There can be no doubt about it: I take longer than anyone on the face of the earth to complete a project. But, in my defence, I’d like to think that the project teaches me lots along the way and the final product is one that meets my initial objectives. Well, this one does!
I started this project in search of the perfect, perfectly-fitted shirt. My personal style runs toward the tailored and since I no longer need suits for my day-to-day life (actually, the last two decades of my career needed them less and less), tailored shirts with crisp collars are a nice, more casual alternative (sans jacket). And they look equally great with dressy pants and jeans.
I began this project in January before I left for vacation, before we all faced what is turning out to be some kind of existential challenge around the globe. But throughout it all, some things provide stability and meditative equanimity. For me, that’s a long, involved design and sewing project. This one was perfect for that.
When I first began exploring this project, I said the following:
“…A shirt can say corporate meeting. It can say casual Saturday. It can say sexy Saturday night. Youthful, put-together, classic, chic, tasteful, refined and classy – these are all words that come to my mind when I think of a classic shirt…”
And I hold to that. It all depends on the fabric and how the shirt is styled. Anyway, I then created a test shirt that was a kind of “frankenstyle” mash-up of fabrics that allowed me to test the fit, design lines and a few techniques, like sleeve plackets.
Then I loosened up the pattern, removed the waist darts and the back yoke and whipped it up in a light-weight, summery fabric that took on the flavour of a “blouse” rather than a traditional mens-wear-inspired shirt. I really loved that one – alas, it still has no buttons since the button stores are all closed (see above our existential crisis at the moment).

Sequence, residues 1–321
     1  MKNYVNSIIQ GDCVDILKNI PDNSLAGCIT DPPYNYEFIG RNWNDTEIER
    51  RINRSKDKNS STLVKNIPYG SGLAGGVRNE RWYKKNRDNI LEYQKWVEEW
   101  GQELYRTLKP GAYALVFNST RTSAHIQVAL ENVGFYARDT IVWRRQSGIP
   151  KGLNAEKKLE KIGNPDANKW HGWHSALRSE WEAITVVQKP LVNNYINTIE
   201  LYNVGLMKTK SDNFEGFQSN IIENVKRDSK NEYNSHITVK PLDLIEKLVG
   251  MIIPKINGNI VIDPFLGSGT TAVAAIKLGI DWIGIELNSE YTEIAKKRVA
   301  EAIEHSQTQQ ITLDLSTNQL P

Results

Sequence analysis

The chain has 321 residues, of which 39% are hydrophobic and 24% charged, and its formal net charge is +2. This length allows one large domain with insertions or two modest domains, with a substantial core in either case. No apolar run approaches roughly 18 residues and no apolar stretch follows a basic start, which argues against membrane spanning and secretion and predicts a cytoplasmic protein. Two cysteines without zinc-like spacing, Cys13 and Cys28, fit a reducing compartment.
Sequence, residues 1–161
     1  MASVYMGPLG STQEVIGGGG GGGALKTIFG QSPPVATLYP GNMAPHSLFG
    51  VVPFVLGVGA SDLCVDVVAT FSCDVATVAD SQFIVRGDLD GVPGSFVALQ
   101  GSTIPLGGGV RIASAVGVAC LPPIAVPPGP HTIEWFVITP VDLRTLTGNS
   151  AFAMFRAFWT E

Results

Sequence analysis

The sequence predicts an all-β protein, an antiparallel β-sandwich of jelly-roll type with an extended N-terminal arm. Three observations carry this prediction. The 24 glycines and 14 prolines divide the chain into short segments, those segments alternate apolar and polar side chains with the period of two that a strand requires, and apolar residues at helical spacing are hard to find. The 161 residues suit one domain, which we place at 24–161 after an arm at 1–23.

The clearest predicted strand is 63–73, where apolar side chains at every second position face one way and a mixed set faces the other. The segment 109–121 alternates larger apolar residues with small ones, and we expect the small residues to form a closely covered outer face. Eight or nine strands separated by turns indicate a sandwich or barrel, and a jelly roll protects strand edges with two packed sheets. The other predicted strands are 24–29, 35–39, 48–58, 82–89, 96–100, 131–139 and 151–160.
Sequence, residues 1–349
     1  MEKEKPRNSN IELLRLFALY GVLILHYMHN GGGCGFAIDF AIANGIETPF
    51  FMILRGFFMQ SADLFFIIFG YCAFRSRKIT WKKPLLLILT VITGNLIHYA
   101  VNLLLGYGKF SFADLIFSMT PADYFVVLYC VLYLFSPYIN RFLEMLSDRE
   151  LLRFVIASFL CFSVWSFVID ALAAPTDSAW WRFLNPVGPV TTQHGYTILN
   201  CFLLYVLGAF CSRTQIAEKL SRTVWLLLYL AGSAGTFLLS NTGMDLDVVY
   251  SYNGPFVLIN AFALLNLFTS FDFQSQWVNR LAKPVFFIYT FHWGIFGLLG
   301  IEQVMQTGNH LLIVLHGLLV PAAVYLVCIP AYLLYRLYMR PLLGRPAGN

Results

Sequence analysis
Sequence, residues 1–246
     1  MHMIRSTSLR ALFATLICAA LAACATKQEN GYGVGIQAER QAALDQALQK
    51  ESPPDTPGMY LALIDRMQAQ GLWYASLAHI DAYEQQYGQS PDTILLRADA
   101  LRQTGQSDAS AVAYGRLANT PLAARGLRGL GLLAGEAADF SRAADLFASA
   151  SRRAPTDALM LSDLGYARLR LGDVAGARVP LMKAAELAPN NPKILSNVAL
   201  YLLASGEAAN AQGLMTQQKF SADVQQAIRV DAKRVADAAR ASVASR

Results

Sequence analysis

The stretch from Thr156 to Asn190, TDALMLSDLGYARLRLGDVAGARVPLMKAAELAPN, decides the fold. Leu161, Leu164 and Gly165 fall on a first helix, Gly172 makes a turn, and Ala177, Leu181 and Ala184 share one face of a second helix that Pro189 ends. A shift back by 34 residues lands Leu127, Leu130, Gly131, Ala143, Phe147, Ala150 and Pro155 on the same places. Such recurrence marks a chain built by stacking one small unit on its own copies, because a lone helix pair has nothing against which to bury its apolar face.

Then it was on to the final design.
I brought the fabric home from my Florida vacation and I must say it was wonderful to work with and it feels extraordinary. I think that even my Brooks Brothers shirts are not as comfortable.
By the time I got to this one, I could have made it with my eyes closed. I even finished the side seams and the sleeve seams with French seams but I still find it best to serge the armhole seam. I once again tried to use the rolled hem foot to complete the hem, but I have to say that it’s a bit too tricky. I can get a few inches on the sample but more than that and it’s a hot mess. So the hem is turned twice as usual.
When it came time to do the finishing touches, it suffered from the same problem as in the last version: no buttons! Button stores closed! I have so many buttons but not the nine or so matching, navy blue ones that I so needed. That’s when I got creative.
I have a well-loved Diane von Furstenberg silk twill blouse that had developed a very nasty tear along its piped armscye. And since it had always been rather generous on me (my husband says I buy many of my clothes too big), I had decided to recycle the silk which is lovely into a smaller top. That sucker had buttons — buttons that I was not likely to use in the new project. So, of course, I cut one off and voila! I had buttons to complete this project. And don’t you love the look or pristine machine-made buttonholes before you cut them open?
The shirt is finished and ready for its first outing. The only problem is that it seems a bit much for wearing from the dining room to the living room to the kitchen, don’t you think?
Oh well, the restaurants and the shops and the offices will re-open some day and I’ll have plenty of opportunities to wear it. Stay safe everyone! Now , let’s all go wash our hands again!